I had asked Sam while still in Xi Shui if there are dentists that specialize in dentures. He told me, much to my dismay that denture wearers are few in China. Usually if a Chinese person’s tooth falls out, it stays gone. That was not the answer I wanted to hear.

On the two hour bus ride back from Xi Shui I reasoned: what would a dentist in the States do? Why, they would clean the denture and the tooth, and then glue it back in. It just so happened I did have some superglue at the house, so that is just what I did. The result was perfect: tooth reseated, well bonded to the denture and no further problems. NOTE: I was very careful to make sure the glue was completely dry before putting the denture back in my mouth. Wouldn’t do to poison myself or worse: glue my tongue to my denture, would it?

Flash forward to now.

That pesky tooth has broken loose two more times since that first time I glued it in but each time I was able to recover it, reseat and secure it in the same way. Yesterday was a different story.

Yesterday I was out and about. My electronic hotplate had died and I had parties to host this weekend. How could I host parties if I couldn’t cook anything? So I had to buy another hotplate. I reasoned I would first check the shops on The Street, and if they didn’t have one I would venture into town. I really didn’t have the time for that so imagine my delight at finding one right there, in the first shop I went to! And it is a much nicer hotplate than the one I had before.

How I wish I could say that, in my excitement at finding a hotplate so easily I swallowed my tooth! No my friends, I don’t get off the hook that easily.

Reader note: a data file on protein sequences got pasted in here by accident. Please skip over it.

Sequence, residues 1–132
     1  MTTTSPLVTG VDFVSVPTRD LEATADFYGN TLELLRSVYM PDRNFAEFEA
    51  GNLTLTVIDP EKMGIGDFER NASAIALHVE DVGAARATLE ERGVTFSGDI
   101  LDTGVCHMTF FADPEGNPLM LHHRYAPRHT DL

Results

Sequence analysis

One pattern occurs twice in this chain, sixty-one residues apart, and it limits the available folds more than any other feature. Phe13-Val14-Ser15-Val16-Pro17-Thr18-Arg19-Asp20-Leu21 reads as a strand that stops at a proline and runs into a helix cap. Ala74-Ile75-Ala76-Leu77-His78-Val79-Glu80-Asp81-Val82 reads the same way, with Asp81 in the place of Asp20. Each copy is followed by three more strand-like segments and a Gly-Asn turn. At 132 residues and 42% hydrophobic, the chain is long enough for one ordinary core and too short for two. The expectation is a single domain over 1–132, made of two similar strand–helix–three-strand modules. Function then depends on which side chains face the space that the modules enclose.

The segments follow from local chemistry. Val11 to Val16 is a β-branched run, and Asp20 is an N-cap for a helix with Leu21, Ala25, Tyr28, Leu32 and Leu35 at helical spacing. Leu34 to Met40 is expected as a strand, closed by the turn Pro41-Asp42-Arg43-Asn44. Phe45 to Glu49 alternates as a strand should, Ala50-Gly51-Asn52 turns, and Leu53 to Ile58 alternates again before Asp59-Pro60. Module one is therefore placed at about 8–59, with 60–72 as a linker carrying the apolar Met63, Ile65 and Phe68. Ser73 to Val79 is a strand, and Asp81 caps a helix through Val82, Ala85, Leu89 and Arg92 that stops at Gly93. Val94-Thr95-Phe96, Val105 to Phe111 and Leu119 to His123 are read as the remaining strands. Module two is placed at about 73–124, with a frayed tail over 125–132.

Reasoning that I would have to take a lengthy bus trip into town and then walk a ways to the stores, I decided against fixing breakfast at home in favor leaving the house quickly and grabbing a sandwich on Snack Street. Living at the back of campus I don’t get to eat Snack Street food very often anymore and I do miss those tasty treats. I figured a breakfast sandwich would be mighty fine on this day of optimism and joy. It was while taking a bite of the sandwich that I lost that tooth.

But I knew. See, I knew that tooth was loose the day before, when I bit into a slice of thick bacon and felt it move. Rather than knock my own tooth out for the pleasure of gluing it back in I decided to let things ride their course and let it fall out on its own. I’ve recovered it every time in the past and this time would surely be no different, right? WRONG!!! So, losing my tooth was my own fault.

My friends, I tried everything to recover that lost tooth. Hoping against hope that it fell out of my mouth I carefully backtracked, searching the ground. No luck. I checked my scarf and my bag: maybe it had fallen in there? Nope. I KNEW this tooth was a goner before I even started those futile efforts but, with Sam’s entreaty that dentists in China do not deal with dentures, I had to fight mounting panic at the thought that the tooth was gone forever. I knew I had swallowed it because I could feel it in my throat. I really did try everything to recover it. I’m not going to go into detail of the lengths I went to recover that tooth. I’ll leave that to your imagination and simply tell you yes, I even tried that.